By Aakriti Jain
PLOS Synthetic Biology Community Editor
I’ve been reading and writing a lot about open science, citizen science, interdisciplinary science, do-it-yourself science, and much more. But the more I read, the more I question: how can the average citizen start amplifying their DNA in their garages if the cost of even the most inexpensive PCR machines can start at up to a whopping $2000? Availability of tools is almost more important than the idea in realizing the dream of making biology accessible to all.
Enter Zeke Alvarez, who I had the opportunity to speak with about his newest venture, and Sebastian Kraves of miniPCR. Alvarez, a geneticist who received his PhD from MIT, and Kraves, a molecular neurobiologist who received his PhD from Harvard, joined forces to create the miniPCR machine. The project was a part of the MassChallenge accelerator, which houses 128 teams each year for an intensive four-month program with talks, seminars, and a boot camp. The accelerator allowed Alvarez and Kraves to have the space, equipment, and mentorship on running a business that they needed in order to take their company to the next level. With a successful Kickstarter campaign, miniPCR has been able to take their technology to the market.
Kraves and Alvarez had to work around a $3 billion PCR market filled with patents for heated lids, gradients, and block design, in order to create the miniPCR. In comparison to regular PCR machines, the miniPCR only costs $400-800, depending on the size of the purchase order. Starting from a simple idea of creating a PCR machine that can carry out the most basic functions, Alvarez and Kraves began in a garage, much like many innovative companies these days. Currently, they are targeting schools and colleges for education purposes, but the possibilities for such a tool could be practically limitless. In fact, NASA bought two of these miniPCR machines to take the International Space Station!
This system is perfect for schools. Right off the bat, it is an order of magnitude less expensive than regular PCR machines. Of course, this comes with many limitations. For example, there is no function for gradient PCR, the block doesn’t go lower than 4° C, there is no real-time PCR functionality, and the number of samples is limited to just eight. However, the ease of use and portability makes the miniPCR the perfect tool for science educators and citizen scientists, though it could be a good backup for academic or industrial research, as well. The kit comes with easy to use software (which is available for your personal laptop as well as your cell phone), to keep track of your PCR reaction, create a new program, and more. This can allow teachers to communicate directions and experimental methods effectively, as well as allow an amateur in biology easily weave through the process of making simple PCR reactions.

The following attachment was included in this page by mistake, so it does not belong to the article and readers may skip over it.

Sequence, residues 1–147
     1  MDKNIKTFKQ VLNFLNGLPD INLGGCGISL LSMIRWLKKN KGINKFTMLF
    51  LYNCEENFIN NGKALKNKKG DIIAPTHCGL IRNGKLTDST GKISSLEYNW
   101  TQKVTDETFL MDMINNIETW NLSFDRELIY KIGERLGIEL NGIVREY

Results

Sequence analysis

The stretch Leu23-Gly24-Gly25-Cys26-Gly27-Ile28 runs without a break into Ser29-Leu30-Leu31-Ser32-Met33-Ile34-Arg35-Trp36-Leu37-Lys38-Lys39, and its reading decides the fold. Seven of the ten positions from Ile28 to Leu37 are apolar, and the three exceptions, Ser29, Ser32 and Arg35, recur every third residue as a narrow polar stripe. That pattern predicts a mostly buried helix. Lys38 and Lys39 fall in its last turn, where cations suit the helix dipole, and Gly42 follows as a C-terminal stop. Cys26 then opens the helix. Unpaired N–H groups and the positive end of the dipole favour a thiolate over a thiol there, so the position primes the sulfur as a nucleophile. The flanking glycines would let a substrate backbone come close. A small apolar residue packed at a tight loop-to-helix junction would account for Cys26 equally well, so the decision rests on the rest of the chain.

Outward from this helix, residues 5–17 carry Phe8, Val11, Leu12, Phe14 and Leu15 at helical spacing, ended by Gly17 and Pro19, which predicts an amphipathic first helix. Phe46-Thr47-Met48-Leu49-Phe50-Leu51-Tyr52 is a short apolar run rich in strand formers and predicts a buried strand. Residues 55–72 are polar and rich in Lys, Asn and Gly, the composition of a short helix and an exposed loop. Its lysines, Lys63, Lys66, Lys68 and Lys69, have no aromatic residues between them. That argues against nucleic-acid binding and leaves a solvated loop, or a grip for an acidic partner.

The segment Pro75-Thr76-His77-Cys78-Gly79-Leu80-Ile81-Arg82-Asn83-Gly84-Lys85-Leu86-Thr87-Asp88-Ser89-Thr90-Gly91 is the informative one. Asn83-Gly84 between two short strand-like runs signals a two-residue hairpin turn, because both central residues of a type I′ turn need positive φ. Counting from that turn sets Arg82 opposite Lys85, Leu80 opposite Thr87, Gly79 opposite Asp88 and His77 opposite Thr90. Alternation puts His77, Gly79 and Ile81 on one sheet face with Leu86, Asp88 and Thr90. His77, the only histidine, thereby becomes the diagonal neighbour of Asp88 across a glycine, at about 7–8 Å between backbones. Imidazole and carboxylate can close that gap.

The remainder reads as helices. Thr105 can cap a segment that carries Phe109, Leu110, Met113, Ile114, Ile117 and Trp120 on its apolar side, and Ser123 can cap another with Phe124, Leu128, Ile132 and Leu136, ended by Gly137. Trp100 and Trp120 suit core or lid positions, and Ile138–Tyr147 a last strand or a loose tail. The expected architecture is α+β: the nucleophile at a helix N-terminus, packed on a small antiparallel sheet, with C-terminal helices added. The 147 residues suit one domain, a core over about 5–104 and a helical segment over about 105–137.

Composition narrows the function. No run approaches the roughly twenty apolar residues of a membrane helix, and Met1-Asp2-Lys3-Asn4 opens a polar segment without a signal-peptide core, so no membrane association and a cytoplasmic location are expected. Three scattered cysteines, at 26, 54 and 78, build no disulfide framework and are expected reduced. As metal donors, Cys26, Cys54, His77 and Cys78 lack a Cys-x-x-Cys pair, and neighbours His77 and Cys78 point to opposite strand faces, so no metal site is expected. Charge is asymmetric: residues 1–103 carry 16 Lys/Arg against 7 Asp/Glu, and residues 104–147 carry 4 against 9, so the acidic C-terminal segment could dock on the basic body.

Of course, the miniPCR machine isn’t the only of its kind. Most notably, the openPCR is another open source PCR machine. The only caveat with the openPCR system is that you have to build the entire machine on your own. The kit doesn’t come with a premade machine; however, this can be of value to some, who are yearning to learn the inner workings of a thermocycler.
Another is the bento-lab, which takes portable biology a step further and consists not only a PCR machine, but also a centrifuge and a gel electrophoresis utility, all with a footprint the size of an A4 sheet of paper. This is a stand-alone system to really kick start any molecular biology or synthetic biology project. Bento-lab was in fact started as the Darwin Toolbox by the UCL iGEM 2013 team! This technology has recently been launched for early adopters, but holds considerable promise for DIY-biologists and citizen scientists of the future.